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Using iPSC-derived Cells to Coat Blood Vessels in Kidney Scaffolds

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Cellular Dynamics International have announced the publication1 of a study in the American Journal of Transplantation describing a key first step in ultimately rebuilding and eventually transplanting organs: recreating a portion of the blood supply infrastructure. Jason Wertheim, M.D., Ph.D., Assistant Professor of Surgery-Organ Transplantation at Northwestern University Feinberg School of Medicine, used CDI’s iCell® Endothelial Cells to coat the blood supply system of a kidney scaffold, which is crucial for circulation and nutrient distribution throughout the tissue of any organ. This is a key first step in repairing or regenerating organs for transplant.

Key points:

•         Over 120,000 people are currently waiting for an organ transplant, and another person is added to the waiting list every 10 minutes. The number of transplants performed annually falls short of this need by 75%.2 

•         Patients with end-stage kidney disease account for almost 7% of Medicare costs in the U.S.--costing  close to $35 billion annually—but less than 1% of Medicare patients.3

•         Not only is there a shortage of available organs, but often the organs available are not suitable for transplant. Research suggests that these organs can be rehabilitated by replacing the cellular components of the organ with healthy human cells while maintaining the 3D structure of the organ.

•         Human cells differentiated from induced pluripotent stem cells (iPSCs) offer a potential solution to the lack of a readily available source of human cells for use in tissue engineering and cell therapy. 

•         CDI’s technology allows iPSCs to be developed for anyone from a standard doctor’s office blood draw and differentiated into potentially any cell in the body at the quality, quantity and purity necessary for a regenerative therapy.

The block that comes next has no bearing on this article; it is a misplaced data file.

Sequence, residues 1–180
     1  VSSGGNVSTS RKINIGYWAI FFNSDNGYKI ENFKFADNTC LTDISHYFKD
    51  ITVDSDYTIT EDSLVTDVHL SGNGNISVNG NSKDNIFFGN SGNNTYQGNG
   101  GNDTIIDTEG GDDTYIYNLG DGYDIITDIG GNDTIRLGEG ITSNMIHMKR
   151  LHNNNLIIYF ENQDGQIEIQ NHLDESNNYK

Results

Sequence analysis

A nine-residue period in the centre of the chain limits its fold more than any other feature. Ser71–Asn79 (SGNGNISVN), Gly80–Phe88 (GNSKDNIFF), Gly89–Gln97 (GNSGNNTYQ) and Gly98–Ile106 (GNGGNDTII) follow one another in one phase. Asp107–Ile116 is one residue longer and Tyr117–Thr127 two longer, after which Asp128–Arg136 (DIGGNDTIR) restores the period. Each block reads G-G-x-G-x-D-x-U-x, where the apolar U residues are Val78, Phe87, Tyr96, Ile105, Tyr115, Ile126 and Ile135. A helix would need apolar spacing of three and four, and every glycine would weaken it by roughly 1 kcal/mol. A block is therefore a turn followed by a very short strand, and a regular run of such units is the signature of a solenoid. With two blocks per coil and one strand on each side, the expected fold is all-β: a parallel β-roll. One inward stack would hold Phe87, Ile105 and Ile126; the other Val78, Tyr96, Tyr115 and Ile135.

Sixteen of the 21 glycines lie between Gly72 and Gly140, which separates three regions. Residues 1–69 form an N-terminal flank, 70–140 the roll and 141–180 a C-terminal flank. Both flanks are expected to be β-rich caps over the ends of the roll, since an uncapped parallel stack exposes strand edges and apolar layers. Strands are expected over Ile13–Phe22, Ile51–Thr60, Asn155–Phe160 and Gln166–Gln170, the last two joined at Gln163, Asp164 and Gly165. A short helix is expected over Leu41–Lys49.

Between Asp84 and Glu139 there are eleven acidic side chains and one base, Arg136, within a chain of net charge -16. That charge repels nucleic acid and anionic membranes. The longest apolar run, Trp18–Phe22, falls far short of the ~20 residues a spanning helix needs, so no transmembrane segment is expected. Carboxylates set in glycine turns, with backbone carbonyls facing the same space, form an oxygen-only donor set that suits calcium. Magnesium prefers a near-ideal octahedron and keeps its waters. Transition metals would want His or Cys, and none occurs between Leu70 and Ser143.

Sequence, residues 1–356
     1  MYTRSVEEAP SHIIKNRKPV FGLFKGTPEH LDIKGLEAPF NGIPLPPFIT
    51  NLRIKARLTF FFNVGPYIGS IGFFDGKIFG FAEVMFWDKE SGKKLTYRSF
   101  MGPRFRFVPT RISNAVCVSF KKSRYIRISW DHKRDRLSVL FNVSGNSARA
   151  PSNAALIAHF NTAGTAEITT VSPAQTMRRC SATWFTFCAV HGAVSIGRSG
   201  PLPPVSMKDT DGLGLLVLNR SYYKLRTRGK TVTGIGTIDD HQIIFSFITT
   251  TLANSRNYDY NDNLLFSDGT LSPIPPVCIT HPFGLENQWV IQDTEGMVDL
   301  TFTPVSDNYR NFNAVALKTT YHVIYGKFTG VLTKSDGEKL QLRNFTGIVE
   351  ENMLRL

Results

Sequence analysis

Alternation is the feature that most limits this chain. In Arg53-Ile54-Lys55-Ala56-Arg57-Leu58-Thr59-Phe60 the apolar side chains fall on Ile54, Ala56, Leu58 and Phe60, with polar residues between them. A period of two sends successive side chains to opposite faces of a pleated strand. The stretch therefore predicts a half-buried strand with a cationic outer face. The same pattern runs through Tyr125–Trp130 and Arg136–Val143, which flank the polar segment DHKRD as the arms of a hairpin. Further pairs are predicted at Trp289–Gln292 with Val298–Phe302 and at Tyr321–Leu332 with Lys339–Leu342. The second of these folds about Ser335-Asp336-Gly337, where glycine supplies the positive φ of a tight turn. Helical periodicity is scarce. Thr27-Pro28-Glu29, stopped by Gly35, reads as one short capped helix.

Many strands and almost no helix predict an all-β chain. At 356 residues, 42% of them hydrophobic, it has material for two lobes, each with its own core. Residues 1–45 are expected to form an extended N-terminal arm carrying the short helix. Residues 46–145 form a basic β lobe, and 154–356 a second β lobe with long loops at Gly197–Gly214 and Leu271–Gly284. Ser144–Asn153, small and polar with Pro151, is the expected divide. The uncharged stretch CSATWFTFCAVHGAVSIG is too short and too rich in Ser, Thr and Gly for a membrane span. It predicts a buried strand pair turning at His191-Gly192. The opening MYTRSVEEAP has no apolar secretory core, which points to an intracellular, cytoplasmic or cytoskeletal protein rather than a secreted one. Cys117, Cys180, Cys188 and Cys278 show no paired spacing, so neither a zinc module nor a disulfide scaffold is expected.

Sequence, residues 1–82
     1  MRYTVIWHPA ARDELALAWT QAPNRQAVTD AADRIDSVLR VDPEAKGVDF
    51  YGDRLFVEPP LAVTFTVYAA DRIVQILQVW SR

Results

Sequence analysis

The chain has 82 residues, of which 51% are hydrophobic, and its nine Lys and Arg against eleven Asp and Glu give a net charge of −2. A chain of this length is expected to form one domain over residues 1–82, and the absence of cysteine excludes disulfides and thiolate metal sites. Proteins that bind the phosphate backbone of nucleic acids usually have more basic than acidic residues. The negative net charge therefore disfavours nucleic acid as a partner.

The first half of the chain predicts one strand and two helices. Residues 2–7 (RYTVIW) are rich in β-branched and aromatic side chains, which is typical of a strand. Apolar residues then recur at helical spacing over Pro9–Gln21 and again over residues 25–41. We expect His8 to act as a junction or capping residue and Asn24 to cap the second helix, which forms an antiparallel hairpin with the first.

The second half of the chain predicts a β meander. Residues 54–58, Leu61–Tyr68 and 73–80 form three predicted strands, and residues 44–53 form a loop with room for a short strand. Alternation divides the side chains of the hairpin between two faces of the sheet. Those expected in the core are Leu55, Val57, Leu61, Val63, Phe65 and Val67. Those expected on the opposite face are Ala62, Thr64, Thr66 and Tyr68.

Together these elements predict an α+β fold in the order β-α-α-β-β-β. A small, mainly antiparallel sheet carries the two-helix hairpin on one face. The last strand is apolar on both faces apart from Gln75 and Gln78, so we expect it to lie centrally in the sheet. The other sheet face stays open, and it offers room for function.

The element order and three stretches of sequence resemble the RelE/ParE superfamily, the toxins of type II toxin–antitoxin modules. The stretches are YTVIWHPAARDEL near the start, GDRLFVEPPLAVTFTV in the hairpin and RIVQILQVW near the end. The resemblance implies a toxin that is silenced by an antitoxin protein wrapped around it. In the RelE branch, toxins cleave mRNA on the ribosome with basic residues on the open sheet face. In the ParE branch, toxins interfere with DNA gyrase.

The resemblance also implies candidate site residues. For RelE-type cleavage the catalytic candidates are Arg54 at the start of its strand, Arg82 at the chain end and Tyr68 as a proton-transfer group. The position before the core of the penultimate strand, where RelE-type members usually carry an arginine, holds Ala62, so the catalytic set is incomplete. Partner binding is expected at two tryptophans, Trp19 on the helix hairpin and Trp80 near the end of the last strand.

•         The published study describes the recellularization of a rat kidney vasculature extracellular matrix using iCell Endothelial Cells derived from human iPSCs. 

•         The first step in the study optimized the process of removing cells from the rat kidney, leaving a 3D scaffold of the organ’s structure. Next, the authors infused the scaffold with human renal cells to form tubule-like structures, and human iCell Endothelial Cells to coat the blood vessels lining the kidney. 

•         The authors found that the method of cell removal was important to maintaining key proteins used by the blood vessel matrix. They fluorescently labeled the endothelial cells and saw that indeed the infused cells were incorporated into the blood vessel matrix throughout the kidney scaffold.

•         This research demonstrates the potential to generate the vasculature of a complex 3D organ, a key first step in supplying the tissue with required nutrients.

•         Given that CDI’s technology allows patient-specific cells to be developed potentially into any cell in the body, this work holds promise for the future bioengineering of other complex organ tissues and for reducing the chance of rejection, a key concern in any transplant.


Bob Palay, chief executive officer of CDI, said, “Over 120,000 people are waiting for organ transplants.  Unfortunately many are not able to receive lifesaving organs in time.  We are delighted to have manufactured the iCell Endothelial Cells that Dr. Wertheim used in this breakthrough study.  He was able to use CDI’s manufactured human endothelial cells to demonstrate the first step toward rebuilding the blood supply system of a kidney. His work is important in uncovering how manufactured human cells can be utilized to repair and regenerate damaged organs.  We look forward to continuing to work with Dr. Wertheim’s and other investigators’ laboratories as they push forward their efforts to repair and regenerate organs.”  

Dr. Wertheim said, “Our study establishes an effective method to generate a kidney scaffold that contains important proteins that may direct cell growth in three-dimensions and is a first step toward developing the vasculature of a replacement organ. We show that this scaffold supports cell growth and proliferation, to generate structures reminiscent of tubules and blood vessel-like structures lined by cells made by induced pluripotent stem cell technology.”  Dr. Wertheim does not hold any financial conflict of interest with CDI or the content of this press release.   

1American Journal of Transplantation, http://onlinelibrary.wiley.com/doi/10.1111/ajt.12999/abstract

2US Dept of Health & Human Services, http://optn.transplant.hrsa.gov/learn/about-transplantation/how-organ-allocation-works/ 

3American Society of Nephrology, https://www.asn-online.org/policy/fact-sheets.aspx